by Ander Ochoa
April 2016 (Volume 66, Issue 3)
The blossoming of intellect, maturity, and laziness that characterizes the high school career of almost all adolescents is accompanied by another significant, though less easily observable, characteristic of teenage life: poor sleeping habits. Ninth grade marks the beginning of a time period during which youth slowly forget what a good night’s sleep feels like. Why? Because any rest that they do get after heeding the nightly “go to bed” supplications from their parents–supplications that, from the moment they are uttered, sound as if they recognize their own futility–is not plentiful. I speak from experience.
In my case, the breakdown of good sleeping habits begins once I have finished my homework. What occurs is that I simply lose my drive to go to bed. Think about that: I become lazy enough that I do not want to engage in one of the laziest activities known to living organisms (case in point for my earlier claim that high schoolers are lethargic). Instead of going to bed, I prefer to relax by watching TV, listening to music, or eating a snack. So I engage in one, two, or all of these pastimes, not paying much attention to the sure fact that the next morning, I will be cursing my decision to stay up.
My late night is followed by a morning that, I will say, seems to come very quickly. The start of my day is heralded by an alarm whose ring, regardless of its particular form–bells, strings, or xylophone–is never a pleasing sound. Now, before I go on, let me explain that I set two alarms, fifteen minutes apart, in the hope that the first alarm will wake me up halfway and that therefore, getting out of bed when the second alarm sounds will be easy.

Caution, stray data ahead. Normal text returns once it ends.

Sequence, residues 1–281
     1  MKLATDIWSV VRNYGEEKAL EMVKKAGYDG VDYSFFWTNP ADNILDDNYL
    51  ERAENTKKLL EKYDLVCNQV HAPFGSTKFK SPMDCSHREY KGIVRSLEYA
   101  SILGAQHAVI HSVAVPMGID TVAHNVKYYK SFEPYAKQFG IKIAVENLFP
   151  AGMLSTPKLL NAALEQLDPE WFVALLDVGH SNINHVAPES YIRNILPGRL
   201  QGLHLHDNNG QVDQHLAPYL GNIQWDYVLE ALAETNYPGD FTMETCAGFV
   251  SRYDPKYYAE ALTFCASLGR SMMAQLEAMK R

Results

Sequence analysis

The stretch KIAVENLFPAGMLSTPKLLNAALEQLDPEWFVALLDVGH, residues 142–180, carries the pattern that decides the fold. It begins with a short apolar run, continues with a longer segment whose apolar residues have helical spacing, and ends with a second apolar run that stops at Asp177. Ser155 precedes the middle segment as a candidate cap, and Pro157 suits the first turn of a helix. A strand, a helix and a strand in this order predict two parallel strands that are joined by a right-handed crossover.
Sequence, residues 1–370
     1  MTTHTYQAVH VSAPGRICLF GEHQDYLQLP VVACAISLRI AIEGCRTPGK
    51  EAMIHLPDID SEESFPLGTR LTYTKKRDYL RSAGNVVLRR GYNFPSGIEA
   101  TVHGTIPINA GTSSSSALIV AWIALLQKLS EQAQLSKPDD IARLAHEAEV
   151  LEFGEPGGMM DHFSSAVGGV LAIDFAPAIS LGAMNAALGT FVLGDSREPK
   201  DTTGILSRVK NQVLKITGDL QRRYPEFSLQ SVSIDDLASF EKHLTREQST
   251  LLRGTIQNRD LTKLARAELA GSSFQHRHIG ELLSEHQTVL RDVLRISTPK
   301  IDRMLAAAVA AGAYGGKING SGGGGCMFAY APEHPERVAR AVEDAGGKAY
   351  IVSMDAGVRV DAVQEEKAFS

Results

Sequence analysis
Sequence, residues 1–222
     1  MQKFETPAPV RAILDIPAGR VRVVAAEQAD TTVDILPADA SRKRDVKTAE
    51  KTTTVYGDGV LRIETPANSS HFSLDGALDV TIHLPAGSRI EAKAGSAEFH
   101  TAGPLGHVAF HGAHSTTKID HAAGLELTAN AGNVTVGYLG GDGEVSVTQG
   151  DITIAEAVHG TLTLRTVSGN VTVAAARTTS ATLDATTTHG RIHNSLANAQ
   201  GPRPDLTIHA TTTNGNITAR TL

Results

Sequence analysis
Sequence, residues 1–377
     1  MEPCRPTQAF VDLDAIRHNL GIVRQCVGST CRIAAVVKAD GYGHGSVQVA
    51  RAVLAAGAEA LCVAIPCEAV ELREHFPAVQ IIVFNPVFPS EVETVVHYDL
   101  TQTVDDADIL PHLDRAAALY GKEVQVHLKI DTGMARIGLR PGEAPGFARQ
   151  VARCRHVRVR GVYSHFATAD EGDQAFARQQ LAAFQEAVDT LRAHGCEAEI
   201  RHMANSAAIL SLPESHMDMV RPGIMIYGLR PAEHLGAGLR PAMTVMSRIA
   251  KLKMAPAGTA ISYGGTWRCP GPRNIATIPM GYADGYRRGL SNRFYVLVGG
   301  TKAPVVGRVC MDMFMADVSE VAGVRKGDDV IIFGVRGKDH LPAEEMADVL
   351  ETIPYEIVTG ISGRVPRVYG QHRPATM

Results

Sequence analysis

Unfortunately, this hope is rarely mirrored by what actually takes place.
When the first alarm sounds, I get up quickly, walk the three steps to the desk where my phone lays whining, turn the alarm off, and go back to a mid-depth sleep. And so, in the end, the first alarm is responsible for waking me up to an almost nonexistent degree. Consequently, when the second alarm sounds, pulling myself out of the most heavenly place on Earth (my bed) is as unimaginably difficult as it would have been if I had set only one alarm. And of course, true to the foresight which I ignored the night before, this rise from the dead is accompanied by lamentations concerning my choice of bedtime.
Clearly, my sleep routine needs work. But despite this, my intention with this piece is not to elicit a change in the habits of the high school population, or even to blame this country’s schools for giving so much homework that students lose sleep (think about that, educational systems). On the contrary: my intention is to be lighthearted about this whole issue, to embrace the less-than-admirable rest schedule I own, and to look at things through jovial–not to mention sleepy–eyes.